August 31, 2012
Hurricane Isaac Reversed Flow Of The Mississippi River
Lee Rannals for redOrbit.com — Your Universe Online
Hurricane Isaac was able to make the Mississippi River run backwards for 24 hours after hitting the Gulf Coast this week.
The U.S. Geological Survey (USGS) instruments recorded the flow of the river, and found that it was running in reverse on Tuesday.
The flow reached nearly 182,000 cubic feet per second upriver, and gathered up a height of about 10 feet above average. The agency said that the average flow of the river is about 125,000 cubic feet per second towards the Gulf of Mexico.
"Although it doesn't happen often, hurricanes can cause coastal rivers to reverse flow," the USGS said in a statement. "Between the extremely strong winds and the massive waves of water pushed by those winds, rivers at regular or low flow are forced backwards until either the normal river-flow or the elevation of the land stop the inflow."
The agency said that as Hurricane Isaac pushes inland, it is causing storm surges in the Mississippi River as far north as Baton Rouge.
"This reversal of flow of the mighty Mississippi is but one measure of the extreme force of Isaac," USGS Director Marcia McNutt said in a statement. "While such events are ephemeral, they are yet another reminder of why we need to respect hurricane warnings."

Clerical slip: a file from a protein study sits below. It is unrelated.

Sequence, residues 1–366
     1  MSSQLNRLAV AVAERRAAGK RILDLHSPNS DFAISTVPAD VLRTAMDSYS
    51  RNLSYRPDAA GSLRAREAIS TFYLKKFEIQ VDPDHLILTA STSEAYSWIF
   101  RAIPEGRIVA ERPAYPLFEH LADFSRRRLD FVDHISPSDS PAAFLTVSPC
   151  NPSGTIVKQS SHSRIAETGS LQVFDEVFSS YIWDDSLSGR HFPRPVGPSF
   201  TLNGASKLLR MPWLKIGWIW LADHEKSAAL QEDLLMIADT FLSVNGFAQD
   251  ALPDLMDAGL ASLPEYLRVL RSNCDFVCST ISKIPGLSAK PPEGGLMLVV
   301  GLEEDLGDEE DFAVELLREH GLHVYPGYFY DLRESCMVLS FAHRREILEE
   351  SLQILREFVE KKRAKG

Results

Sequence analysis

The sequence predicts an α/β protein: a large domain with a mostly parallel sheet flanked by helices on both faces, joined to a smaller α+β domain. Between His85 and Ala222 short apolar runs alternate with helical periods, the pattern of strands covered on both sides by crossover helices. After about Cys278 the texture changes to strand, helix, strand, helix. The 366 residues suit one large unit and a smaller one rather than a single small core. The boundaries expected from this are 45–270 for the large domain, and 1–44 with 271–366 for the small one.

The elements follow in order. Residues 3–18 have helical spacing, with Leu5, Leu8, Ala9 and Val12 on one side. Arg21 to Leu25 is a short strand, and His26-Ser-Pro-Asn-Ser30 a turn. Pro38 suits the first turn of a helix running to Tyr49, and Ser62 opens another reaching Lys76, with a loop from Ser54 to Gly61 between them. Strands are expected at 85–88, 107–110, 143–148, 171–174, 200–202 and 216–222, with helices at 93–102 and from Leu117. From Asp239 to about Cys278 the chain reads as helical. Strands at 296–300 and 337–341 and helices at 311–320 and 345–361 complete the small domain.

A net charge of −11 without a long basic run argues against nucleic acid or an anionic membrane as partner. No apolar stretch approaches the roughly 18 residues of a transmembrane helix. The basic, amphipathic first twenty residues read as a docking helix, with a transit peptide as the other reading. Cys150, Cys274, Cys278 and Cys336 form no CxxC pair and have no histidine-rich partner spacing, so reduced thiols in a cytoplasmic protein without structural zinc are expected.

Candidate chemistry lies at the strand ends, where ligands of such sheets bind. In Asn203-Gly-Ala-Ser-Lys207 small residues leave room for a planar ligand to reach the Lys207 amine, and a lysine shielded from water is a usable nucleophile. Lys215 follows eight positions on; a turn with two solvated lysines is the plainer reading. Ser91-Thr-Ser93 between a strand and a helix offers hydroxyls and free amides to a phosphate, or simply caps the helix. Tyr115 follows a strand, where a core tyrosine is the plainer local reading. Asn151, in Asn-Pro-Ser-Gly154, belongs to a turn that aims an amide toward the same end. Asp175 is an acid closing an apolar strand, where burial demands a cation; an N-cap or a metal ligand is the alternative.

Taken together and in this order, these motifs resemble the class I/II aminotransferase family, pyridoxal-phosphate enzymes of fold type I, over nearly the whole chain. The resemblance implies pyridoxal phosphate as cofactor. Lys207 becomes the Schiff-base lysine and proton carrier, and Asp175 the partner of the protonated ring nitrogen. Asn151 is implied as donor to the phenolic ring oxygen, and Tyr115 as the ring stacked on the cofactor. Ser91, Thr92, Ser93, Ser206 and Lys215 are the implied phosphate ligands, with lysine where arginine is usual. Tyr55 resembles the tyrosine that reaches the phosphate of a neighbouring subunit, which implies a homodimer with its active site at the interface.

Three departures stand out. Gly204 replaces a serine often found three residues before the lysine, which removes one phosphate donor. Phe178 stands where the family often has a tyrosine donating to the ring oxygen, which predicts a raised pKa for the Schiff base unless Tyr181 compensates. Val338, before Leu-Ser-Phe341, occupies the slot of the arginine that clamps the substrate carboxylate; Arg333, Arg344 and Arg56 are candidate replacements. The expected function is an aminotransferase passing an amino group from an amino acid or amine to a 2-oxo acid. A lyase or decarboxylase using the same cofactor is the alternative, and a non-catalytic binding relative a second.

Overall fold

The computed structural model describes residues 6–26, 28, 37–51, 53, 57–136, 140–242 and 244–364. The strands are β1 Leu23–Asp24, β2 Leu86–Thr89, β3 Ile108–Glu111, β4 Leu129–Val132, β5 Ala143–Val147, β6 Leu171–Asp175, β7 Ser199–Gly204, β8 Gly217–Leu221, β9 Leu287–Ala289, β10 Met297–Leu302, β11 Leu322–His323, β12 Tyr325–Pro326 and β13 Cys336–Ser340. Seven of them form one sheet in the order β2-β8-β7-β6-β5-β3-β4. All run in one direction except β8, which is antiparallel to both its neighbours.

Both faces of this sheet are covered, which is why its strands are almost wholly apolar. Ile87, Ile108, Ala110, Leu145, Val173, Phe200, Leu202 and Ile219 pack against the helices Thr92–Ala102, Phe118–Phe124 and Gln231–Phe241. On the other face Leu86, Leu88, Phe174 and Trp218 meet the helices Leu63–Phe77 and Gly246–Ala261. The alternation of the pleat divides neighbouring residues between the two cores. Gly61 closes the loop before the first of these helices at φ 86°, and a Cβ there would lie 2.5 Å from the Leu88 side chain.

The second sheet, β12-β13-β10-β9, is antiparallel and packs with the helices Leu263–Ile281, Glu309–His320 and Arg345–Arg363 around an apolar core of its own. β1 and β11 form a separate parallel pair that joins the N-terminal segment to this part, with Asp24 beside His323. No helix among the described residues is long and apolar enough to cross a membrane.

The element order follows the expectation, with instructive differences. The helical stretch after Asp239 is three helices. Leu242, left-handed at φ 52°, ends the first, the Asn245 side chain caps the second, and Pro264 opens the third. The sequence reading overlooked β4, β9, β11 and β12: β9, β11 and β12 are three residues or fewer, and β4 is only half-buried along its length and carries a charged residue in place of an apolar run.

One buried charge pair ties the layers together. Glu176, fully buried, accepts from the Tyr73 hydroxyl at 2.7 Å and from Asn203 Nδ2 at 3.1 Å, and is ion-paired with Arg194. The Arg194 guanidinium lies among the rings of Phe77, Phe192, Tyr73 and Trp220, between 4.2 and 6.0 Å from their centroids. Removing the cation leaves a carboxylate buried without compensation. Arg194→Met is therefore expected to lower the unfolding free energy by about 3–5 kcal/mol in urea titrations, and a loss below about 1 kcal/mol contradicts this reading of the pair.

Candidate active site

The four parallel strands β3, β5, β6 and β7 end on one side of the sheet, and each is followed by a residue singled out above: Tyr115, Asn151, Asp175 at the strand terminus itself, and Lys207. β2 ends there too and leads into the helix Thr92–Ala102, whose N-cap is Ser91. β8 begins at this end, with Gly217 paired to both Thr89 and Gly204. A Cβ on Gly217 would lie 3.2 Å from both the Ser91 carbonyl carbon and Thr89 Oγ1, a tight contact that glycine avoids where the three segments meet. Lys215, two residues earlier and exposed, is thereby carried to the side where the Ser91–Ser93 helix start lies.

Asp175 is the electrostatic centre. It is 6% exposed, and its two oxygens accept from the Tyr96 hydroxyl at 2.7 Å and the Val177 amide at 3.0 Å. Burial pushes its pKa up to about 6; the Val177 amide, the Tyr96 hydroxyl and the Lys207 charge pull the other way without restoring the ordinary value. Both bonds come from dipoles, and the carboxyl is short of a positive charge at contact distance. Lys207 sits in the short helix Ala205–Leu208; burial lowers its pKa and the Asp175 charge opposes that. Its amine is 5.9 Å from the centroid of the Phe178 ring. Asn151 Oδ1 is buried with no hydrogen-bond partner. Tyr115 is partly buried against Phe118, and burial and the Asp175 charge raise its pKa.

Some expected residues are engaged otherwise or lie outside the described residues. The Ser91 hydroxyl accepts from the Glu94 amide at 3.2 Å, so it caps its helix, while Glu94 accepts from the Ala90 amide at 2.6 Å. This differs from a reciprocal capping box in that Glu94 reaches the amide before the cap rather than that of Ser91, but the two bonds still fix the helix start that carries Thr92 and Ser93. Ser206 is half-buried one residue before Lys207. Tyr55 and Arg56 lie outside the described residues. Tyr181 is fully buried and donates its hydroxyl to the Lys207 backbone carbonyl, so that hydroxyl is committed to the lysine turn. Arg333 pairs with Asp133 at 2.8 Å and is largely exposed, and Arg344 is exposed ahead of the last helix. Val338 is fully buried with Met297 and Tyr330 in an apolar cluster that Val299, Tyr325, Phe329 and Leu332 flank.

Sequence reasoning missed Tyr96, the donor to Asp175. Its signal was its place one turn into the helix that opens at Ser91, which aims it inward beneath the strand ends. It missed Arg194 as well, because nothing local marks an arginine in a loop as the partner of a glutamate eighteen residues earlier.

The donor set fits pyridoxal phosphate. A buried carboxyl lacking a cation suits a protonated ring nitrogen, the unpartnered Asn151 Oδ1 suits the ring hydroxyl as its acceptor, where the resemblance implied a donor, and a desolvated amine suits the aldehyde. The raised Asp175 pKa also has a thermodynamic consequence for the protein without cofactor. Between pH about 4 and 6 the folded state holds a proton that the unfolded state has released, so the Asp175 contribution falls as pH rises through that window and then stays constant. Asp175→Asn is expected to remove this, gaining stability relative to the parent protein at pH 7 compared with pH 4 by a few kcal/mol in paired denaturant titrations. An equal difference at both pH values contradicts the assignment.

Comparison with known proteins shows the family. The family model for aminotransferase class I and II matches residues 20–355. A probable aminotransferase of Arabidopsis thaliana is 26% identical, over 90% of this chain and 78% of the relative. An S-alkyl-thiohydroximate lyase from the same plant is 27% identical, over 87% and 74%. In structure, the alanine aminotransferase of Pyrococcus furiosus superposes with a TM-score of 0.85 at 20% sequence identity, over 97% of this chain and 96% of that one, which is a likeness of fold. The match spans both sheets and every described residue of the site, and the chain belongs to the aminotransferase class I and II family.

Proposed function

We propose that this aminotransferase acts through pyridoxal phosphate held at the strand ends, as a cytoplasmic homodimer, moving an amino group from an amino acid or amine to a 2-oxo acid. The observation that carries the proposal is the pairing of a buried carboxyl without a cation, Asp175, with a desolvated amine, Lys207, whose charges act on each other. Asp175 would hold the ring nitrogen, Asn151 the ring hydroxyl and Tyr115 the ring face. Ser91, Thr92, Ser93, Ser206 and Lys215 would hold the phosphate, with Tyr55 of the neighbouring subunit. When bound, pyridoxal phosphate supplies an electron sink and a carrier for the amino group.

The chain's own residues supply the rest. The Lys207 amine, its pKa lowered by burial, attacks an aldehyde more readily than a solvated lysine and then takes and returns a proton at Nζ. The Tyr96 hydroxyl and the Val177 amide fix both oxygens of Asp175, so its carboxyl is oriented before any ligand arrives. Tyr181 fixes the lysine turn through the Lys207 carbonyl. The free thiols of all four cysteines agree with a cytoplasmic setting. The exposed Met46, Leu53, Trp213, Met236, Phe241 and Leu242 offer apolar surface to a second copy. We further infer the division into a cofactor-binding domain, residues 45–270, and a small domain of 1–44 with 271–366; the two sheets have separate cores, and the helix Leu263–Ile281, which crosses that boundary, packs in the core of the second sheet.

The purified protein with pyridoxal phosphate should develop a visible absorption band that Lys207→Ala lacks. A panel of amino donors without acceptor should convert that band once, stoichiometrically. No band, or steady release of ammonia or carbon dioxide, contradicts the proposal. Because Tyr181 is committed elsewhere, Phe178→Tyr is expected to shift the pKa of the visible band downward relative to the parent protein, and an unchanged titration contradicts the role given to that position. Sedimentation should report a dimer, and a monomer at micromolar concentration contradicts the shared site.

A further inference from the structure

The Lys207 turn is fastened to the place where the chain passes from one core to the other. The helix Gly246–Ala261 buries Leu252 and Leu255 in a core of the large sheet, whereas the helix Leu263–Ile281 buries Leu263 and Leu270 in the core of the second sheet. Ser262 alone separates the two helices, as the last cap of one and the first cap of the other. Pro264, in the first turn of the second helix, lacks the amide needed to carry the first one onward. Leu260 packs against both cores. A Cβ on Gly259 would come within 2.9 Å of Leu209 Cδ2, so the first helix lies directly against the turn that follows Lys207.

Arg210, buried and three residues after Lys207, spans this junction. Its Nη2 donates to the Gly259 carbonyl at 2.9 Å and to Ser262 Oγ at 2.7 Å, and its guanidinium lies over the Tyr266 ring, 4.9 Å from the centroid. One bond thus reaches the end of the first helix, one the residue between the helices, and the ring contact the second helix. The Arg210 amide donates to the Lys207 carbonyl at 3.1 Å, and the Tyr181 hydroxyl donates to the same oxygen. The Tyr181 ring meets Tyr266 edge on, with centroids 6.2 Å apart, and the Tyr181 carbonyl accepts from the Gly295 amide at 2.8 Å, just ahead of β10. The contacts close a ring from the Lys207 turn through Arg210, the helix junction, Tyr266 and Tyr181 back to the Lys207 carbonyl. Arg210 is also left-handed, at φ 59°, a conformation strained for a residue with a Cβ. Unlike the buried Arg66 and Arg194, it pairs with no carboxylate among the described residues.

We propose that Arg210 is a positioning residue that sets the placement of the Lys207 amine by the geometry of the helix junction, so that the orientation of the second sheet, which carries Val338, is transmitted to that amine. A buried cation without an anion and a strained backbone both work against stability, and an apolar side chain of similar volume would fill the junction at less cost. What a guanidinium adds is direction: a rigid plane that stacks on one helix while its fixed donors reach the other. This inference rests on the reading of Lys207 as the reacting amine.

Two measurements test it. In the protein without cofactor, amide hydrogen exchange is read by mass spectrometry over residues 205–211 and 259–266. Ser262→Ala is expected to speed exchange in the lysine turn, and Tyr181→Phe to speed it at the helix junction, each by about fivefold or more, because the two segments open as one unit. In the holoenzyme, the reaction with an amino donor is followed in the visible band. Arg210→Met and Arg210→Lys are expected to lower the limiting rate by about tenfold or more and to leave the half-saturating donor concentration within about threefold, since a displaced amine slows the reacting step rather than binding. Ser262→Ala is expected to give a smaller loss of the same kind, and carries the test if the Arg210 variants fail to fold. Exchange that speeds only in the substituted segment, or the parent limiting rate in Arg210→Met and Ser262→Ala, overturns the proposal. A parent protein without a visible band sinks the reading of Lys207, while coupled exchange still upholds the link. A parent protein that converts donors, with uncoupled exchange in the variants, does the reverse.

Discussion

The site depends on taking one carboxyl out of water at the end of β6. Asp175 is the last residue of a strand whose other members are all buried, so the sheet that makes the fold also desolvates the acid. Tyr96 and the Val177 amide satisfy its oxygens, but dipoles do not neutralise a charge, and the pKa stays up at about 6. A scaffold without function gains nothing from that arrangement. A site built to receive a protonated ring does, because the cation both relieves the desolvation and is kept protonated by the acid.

This isn't the only time the Mississippi River has been turned upside down due to the force of a hurricane. In 2005, when Hurricane Katrina hit the coast, it also reversed the flow of the river, pushing waters 13 feet above its normal level that year.
The USGS also said that Hurricane Isaac is causing coastal rivers in Louisiana to lose height, only to gain it back again soon after. It said this rising and falling of the rivers is a common occurrence during hurricanes and is caused by the spiral nature of the storms.
"As the winds sweep to the southwest, they force water out of the rivers, lowering their height," The USGS said. "However, once the winds complete their turn to the southwest, they begin back to the northeast, allowing the storm surge to raise the river levels."
The USGS has an extensive network of "streamgages" that are located through Louisiana and the rest of the U.S. These instruments record data like streamflow, river height, and even water chemistry.
Some of the streamgages transmit their data in real-time to satellites, updating with new information every 15 minutes.
This data allows the USGS, emergency managers and responders to have accurate and up-to-date knowledge of what the rivers and streams are doing.
"In fact, anyone can sign up to receive notices from USGS streamgages when waters are rising in nearby rivers and streams through a program called WaterAlert," USGS said. "It is a free service that allows members of the public to receive notifications about water levels at any of over 7,000 USGS real-time streamgages around the country."